**Modified Birthday Problem:** a bunch of people line up, and the winner is the first person who shares his birthday with someone lined up ahead of him. What position in the line is optimal?

**Three (similar) approaches:** Recall the well known Birthday Problem, and let $b(n)$ denote the likelihood that there is a shared birthday in a collection of $n$ people. Suppose you are the $(n+1)$st person in line, and you want to be the first person to share your birthday with someone ahead of you. 'None of the people ahead of you sharing a birthday' happens with probability $1 - b(n)$, and 'you sharing a birthday with one of them' happens with probability $n/365$. Therefore, we wish to maximize: $(1-b(n))(n/365)$. A computer search (e.g. in WolframAlpha) can find $n$ is about $19$, and so you want position $20$.

Alternatively, we can approximate $1-b(n)$ with $e^{-n(n-1)/730}$ pretty well. Now consider setting $\frac{d}{dx} e^{-x(x-1)/730} (x/365) = 0,$ which ends up requiring only that we solve a quadratic. In particular, we end up with the quadratic $x^2 - x/2 = 365.$ Then $x$ is a little over $19$, and again we guess the optimal position is at $20.$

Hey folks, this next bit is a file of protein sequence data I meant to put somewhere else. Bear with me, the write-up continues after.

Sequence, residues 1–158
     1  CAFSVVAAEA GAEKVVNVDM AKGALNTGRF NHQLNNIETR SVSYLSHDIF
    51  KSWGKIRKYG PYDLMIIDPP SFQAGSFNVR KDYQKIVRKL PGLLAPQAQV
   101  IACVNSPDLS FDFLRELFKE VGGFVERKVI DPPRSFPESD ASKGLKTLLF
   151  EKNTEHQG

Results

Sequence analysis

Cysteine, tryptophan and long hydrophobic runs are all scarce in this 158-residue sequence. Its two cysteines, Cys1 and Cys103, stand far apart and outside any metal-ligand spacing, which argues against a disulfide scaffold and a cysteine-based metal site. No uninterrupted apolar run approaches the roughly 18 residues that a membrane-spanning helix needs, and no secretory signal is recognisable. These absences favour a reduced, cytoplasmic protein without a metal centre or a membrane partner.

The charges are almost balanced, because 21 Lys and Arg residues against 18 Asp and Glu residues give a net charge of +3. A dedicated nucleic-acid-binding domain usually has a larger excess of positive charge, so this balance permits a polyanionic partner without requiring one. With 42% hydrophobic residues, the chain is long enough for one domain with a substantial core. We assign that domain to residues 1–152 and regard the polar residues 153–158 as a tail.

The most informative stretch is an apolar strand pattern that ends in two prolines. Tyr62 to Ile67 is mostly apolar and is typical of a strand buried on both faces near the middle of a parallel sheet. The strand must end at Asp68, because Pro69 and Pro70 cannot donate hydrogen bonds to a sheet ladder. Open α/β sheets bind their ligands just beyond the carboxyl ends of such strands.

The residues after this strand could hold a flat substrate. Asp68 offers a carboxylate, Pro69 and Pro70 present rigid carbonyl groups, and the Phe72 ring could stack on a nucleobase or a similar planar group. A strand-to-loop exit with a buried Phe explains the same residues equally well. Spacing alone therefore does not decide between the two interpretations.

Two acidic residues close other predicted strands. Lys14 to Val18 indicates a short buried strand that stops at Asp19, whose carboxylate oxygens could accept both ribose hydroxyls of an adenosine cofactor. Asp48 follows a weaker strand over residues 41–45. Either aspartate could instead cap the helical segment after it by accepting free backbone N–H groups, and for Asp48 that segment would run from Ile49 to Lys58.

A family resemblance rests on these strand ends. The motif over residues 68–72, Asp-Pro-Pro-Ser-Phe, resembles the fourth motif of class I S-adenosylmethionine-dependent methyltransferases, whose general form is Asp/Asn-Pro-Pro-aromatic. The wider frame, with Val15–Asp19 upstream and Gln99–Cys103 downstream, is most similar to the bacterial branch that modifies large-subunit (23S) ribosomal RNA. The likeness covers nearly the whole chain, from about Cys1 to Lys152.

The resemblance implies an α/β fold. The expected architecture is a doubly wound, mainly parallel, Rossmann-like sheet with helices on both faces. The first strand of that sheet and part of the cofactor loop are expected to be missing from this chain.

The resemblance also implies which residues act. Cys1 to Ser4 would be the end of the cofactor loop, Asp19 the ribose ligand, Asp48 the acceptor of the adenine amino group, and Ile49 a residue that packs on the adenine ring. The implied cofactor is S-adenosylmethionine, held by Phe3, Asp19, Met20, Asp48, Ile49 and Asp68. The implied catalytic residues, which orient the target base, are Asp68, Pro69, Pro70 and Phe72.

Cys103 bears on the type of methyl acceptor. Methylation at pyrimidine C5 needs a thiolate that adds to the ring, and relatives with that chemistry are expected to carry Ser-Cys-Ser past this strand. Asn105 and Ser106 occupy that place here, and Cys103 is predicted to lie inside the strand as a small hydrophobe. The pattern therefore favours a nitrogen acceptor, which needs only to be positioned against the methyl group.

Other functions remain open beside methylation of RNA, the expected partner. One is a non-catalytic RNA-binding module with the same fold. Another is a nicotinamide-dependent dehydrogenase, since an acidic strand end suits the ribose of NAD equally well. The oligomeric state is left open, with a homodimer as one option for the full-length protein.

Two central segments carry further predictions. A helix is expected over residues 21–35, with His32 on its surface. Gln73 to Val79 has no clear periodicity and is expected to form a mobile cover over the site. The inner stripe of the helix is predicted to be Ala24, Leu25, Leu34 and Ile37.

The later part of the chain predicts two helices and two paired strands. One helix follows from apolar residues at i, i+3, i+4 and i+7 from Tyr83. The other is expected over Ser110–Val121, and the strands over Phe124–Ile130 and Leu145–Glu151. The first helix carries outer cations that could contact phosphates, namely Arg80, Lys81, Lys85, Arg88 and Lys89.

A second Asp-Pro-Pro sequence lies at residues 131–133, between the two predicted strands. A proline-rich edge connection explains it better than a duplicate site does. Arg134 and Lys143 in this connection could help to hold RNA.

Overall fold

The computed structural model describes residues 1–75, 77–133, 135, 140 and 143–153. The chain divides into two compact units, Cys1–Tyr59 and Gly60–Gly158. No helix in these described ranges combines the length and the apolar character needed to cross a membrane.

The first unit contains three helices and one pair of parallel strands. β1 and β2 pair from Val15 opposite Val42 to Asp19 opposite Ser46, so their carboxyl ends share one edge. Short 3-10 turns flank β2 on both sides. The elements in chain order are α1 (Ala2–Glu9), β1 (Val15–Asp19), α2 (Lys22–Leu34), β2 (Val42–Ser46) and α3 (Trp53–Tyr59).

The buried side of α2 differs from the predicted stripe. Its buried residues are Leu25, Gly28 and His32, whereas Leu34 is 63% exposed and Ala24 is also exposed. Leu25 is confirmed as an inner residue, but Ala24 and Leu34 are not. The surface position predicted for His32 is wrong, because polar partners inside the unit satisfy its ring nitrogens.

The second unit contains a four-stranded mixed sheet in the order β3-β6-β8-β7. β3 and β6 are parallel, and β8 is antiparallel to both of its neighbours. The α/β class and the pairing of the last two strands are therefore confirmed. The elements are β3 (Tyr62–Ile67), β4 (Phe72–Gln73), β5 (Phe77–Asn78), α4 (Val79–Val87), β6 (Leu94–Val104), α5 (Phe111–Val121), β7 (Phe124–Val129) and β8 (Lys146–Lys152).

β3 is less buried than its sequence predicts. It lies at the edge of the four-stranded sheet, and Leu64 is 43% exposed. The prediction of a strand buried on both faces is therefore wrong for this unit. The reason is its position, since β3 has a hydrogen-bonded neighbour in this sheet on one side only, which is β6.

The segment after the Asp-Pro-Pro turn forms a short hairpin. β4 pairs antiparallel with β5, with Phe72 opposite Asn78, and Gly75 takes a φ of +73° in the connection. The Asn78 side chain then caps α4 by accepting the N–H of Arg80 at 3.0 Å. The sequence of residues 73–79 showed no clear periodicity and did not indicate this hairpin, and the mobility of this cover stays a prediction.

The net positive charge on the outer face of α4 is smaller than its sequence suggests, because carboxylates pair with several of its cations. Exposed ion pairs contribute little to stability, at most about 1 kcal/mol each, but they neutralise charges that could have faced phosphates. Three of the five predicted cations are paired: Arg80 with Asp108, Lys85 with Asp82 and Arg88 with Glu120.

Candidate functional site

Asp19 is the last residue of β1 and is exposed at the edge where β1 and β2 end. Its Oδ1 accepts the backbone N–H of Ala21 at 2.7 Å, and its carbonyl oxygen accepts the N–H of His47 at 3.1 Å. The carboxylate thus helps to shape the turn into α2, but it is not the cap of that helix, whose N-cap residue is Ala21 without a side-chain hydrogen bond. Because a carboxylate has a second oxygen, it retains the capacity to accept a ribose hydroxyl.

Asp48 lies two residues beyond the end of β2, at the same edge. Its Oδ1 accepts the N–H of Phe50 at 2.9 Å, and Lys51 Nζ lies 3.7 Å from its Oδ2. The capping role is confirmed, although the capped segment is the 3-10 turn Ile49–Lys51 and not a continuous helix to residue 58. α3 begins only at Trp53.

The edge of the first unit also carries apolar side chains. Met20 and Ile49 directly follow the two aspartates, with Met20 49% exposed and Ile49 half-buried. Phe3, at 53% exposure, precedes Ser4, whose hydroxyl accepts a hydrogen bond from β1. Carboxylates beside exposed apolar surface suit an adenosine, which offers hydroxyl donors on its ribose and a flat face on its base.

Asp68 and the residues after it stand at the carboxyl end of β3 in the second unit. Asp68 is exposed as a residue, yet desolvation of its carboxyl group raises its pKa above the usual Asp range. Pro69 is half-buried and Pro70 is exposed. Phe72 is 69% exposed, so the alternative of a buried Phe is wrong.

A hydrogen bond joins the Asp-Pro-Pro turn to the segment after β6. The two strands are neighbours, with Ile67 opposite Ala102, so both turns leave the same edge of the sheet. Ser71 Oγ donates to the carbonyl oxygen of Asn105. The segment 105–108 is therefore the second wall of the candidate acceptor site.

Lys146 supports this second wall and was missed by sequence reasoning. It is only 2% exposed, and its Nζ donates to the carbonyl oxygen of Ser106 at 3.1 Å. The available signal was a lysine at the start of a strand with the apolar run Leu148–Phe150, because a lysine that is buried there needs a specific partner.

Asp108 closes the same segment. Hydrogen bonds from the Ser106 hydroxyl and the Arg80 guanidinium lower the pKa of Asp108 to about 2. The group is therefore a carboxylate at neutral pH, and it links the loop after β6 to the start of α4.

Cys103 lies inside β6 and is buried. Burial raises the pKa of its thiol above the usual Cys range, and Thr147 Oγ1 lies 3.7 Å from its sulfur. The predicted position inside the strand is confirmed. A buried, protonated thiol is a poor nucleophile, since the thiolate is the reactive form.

Finally, we consider the ratio of probabilities of winning for consecutive people in line. Eliding over some details (e.g. showing initial ratio $> 1$, the ratios are decreasing) we can check to see when this ratio drops below $1.$ This will again culminate in solving a quadratic, namely, $x^2 - x = 365.$ Since $x$ is about $19$, we have (for the third time) found the optimal position to be at $20.$

**Question 0:** Why do the quadratics arrived at in our second and third approach differ? (I suspect this is just an artifact of the rough estimation used in the second approach, although I could not explain the reasoning behind this difference in any greater detail.)

**Question 1:** Since our third method indicates that solving for $x$ in $x(x-1) = 365$ ultimately leads to the solution, I am wondering: is there a way to have seen "at a glance" the importance of this quadratic? My intuition tells me that there is a much more straightforward way of thinking about this problem, but I am not sure what it would be.